The state of restless research and “busyness” that leads to ultimate inaction is an aspect of what was known in the Middle Ages as acedia and what has misleadingly come to be known as “sloth”. For me it begins this way, “I’ll just check my email.” Then, two hours later, I’ve descended to the click bait circle of  hell where I’m viewing all the latest cat memes, 80s music videos and hitting the “like” button like a mouse in a Skinner box.

I’ve become very worried in the past few years about this interweb induced state of acedia. As Nicholas Carr observed in his prescient 2008 article in the Atlantic, “Is Google Making Us Stupid?,” I’ve noticed that my attention span seems to be shrinking and that I’m less able to sit down and read books without the temptation to jump on the Internet and look stuff up. I’ve also noticed that I’m having a harder time initiating and completing the sort of gardening, cooking, food preservation and general DIY projects that provide fodder for this blog and for our books.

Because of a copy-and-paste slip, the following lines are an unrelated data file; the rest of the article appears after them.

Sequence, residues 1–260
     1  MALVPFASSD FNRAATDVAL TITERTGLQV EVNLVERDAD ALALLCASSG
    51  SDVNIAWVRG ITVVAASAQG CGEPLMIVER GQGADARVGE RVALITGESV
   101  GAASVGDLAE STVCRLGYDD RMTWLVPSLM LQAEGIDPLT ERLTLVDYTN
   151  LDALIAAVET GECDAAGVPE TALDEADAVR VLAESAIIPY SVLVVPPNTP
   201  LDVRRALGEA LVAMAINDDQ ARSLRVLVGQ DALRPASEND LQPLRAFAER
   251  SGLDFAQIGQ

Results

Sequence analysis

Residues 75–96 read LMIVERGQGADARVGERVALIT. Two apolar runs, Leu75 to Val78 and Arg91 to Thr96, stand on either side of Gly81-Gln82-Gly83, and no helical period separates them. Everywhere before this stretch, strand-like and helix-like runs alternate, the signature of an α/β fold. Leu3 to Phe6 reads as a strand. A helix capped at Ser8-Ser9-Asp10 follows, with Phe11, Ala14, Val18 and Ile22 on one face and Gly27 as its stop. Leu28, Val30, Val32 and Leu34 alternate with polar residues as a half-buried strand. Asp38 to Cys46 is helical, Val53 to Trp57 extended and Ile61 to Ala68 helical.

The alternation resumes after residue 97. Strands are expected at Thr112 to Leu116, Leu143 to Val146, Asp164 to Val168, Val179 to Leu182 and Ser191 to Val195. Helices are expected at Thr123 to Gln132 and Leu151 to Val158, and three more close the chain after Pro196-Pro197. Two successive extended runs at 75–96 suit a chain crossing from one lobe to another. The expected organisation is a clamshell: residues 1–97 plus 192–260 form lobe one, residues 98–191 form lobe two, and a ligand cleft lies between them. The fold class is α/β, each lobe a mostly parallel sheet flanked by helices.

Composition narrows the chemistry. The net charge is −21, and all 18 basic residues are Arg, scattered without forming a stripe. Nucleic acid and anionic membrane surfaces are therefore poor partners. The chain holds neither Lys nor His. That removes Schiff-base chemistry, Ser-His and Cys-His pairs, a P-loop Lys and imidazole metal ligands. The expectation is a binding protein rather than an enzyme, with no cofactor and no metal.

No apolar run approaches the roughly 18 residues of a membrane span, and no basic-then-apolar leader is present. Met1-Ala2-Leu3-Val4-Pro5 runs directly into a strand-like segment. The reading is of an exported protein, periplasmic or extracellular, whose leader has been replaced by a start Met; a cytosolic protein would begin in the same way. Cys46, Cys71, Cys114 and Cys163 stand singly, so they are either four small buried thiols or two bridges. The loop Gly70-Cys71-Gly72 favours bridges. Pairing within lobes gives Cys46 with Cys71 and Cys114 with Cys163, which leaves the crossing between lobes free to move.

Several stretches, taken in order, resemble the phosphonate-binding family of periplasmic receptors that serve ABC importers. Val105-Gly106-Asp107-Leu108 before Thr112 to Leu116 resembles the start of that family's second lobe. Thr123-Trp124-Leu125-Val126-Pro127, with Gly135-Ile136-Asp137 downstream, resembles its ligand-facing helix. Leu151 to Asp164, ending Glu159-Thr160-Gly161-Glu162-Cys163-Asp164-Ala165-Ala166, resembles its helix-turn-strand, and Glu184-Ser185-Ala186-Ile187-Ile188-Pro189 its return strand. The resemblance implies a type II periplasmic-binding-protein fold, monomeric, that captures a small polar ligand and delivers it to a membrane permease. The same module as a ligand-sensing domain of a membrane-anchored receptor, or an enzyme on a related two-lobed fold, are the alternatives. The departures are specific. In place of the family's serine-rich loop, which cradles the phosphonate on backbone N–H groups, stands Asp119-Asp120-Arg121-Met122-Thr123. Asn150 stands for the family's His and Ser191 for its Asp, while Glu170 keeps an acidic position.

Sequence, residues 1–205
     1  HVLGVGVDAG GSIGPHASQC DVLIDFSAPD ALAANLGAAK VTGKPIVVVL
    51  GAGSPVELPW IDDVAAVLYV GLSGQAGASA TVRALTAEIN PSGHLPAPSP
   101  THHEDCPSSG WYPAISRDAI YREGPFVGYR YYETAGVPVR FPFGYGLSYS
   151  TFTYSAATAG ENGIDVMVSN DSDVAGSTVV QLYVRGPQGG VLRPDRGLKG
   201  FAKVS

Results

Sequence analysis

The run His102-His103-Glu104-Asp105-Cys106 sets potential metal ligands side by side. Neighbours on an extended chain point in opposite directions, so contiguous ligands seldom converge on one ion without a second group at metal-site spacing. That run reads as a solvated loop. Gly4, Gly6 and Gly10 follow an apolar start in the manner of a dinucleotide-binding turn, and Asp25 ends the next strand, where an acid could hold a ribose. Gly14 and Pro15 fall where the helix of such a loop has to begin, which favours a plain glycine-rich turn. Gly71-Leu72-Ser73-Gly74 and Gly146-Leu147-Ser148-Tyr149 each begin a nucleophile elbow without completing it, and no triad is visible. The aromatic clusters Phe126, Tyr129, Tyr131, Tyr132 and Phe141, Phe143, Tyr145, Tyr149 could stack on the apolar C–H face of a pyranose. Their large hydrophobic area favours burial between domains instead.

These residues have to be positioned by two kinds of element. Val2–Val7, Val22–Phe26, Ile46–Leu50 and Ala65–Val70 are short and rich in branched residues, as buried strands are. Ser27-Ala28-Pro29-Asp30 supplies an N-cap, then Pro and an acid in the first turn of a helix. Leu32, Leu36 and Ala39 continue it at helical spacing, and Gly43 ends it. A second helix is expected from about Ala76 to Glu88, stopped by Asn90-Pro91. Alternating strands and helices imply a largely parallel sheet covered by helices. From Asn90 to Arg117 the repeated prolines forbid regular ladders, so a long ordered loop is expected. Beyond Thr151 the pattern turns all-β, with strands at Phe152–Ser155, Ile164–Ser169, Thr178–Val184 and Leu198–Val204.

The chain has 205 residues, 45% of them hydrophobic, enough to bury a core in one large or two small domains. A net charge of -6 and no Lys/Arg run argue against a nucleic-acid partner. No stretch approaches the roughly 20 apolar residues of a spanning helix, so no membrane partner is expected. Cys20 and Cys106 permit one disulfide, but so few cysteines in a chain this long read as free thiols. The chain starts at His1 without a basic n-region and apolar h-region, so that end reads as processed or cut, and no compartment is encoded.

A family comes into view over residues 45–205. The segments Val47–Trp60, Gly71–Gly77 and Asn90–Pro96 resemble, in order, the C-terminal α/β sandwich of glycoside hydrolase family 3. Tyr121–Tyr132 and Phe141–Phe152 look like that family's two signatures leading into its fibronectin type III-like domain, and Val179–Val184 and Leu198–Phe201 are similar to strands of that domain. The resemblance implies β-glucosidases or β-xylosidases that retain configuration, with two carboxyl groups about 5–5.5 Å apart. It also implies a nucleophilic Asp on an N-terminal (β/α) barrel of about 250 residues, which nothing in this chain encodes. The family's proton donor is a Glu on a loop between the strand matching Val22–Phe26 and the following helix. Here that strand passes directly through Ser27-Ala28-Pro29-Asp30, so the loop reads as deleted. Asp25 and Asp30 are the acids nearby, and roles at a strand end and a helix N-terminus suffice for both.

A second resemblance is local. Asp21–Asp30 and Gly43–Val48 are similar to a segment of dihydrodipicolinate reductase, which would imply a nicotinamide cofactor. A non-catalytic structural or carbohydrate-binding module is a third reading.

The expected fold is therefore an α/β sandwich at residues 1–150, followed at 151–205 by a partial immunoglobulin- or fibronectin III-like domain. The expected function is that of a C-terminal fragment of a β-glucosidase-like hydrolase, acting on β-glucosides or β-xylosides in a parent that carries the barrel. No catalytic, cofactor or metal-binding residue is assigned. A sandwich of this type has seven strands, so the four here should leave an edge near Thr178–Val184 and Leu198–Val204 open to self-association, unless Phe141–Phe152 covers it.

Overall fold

I think it’s time for some drastic action. It’s time to limit certain highly additive and often counter-productive Internet activities such as email, social media and general surfing not related to my core mission. Two tools I’m evaluating are LeechBlock, which works with the Firefox browser and allows you to block up to six sets of sites for certain periods of the day and two Chrome-based apps, Stay Focused and Strict Workflow (which uses a Pomodoro timer, an enforced 25 minute work period I’ve found helpful).